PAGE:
The New Financial Resolution and Deposit Insurance Bill of 2016 outs itself with its use of the phrase “creative destruction” to endorse the need for a quick resolution of bank and firm failure.
“Creative Destruction” in this usage is a Marxist term, popularized by the economist Schumpeter and subsequently appropriated by neo-liberal economists, as well as perpetual-war- theorists of the new world order, that describes the need for “capitalism” to “ceaselessly devalue existing wealth (whether through war, dereliction, or regular and periodic economic crises) in order to clear the ground for the creation of new wealth.”
“Isms,” however, do nothing. So I would replace the word “capitalism” there with “capitalists.”
And, being of a skeptical turn of mind, would replace even “capitalist” with “globalist cabal manipulating capital.”
As I blogged before, the reassuring sound of “deposit insurance” should not blind us to the fact that the bill actually demotes protection of depositors – the original mandate of the RBI act of 194 – to second place. The RBI’s new mandate is the ubiquitous one of “financial stability.”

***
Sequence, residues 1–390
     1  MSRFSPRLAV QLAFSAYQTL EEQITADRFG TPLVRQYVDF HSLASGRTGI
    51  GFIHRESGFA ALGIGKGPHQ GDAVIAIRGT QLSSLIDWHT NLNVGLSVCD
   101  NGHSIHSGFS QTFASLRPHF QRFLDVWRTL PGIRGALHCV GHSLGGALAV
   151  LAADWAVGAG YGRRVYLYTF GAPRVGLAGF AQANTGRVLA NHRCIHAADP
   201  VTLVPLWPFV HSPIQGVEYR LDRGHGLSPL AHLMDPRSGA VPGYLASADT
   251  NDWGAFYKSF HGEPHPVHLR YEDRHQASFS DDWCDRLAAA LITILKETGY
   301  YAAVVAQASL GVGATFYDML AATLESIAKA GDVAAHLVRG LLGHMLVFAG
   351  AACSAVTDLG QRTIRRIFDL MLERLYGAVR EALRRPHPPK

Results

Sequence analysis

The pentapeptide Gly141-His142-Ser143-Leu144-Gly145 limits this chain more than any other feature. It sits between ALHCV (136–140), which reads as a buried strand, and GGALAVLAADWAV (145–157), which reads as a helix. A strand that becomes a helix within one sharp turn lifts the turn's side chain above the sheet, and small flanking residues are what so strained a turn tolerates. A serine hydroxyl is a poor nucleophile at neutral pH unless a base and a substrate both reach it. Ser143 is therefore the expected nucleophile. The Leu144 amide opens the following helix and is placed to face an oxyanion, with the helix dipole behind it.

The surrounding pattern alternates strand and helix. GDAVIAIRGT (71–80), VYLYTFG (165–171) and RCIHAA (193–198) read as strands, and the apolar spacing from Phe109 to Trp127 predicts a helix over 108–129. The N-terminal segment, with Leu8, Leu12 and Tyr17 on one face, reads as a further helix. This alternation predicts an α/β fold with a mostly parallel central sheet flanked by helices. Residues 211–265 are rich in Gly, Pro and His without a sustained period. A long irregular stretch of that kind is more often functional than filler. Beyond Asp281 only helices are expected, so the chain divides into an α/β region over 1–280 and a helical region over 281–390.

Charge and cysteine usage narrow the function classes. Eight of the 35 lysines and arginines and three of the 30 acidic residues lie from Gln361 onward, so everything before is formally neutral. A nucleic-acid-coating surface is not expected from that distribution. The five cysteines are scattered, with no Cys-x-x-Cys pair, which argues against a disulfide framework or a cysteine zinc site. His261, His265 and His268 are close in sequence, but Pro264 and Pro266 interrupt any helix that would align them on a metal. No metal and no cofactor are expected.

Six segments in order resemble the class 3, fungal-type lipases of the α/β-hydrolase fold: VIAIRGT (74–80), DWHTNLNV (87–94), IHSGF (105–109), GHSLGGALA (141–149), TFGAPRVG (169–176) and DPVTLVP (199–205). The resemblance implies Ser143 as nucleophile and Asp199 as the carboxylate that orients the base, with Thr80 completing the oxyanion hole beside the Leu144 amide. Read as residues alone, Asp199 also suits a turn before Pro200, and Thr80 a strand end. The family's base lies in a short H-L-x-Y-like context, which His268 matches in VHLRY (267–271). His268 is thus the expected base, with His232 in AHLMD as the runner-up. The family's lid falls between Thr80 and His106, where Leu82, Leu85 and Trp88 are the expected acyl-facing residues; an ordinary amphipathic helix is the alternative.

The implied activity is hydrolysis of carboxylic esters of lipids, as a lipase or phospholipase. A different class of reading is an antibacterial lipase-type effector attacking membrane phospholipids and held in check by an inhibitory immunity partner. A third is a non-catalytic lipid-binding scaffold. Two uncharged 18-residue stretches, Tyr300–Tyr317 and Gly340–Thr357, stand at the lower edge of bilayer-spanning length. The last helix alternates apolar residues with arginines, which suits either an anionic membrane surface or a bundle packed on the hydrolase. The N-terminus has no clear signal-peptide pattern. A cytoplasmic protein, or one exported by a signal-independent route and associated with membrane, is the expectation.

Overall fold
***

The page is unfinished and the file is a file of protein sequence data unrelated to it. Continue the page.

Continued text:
On behalf of financial stability – which, in effect, means some institutions are “too big to fail, too big to jail,” the new bill and the proposed new bankruptcy procedures – get around the standard Indian legal procedure and have complete authority to resolve any issue of bad debt, by winding up the firm/bank and/or restructuring the debt. In essence, that means, a small, overarching and centralized outfit can decide whom to bail out, whom not to, and who gets to foot the bill.
Bank depositors over 1 lakh (Rs 100000 or about $1800-2000) are unsecured creditors of the bank who will be stiffed in the face of senior debt holders.
In short, grandma takes the punch for the globalists.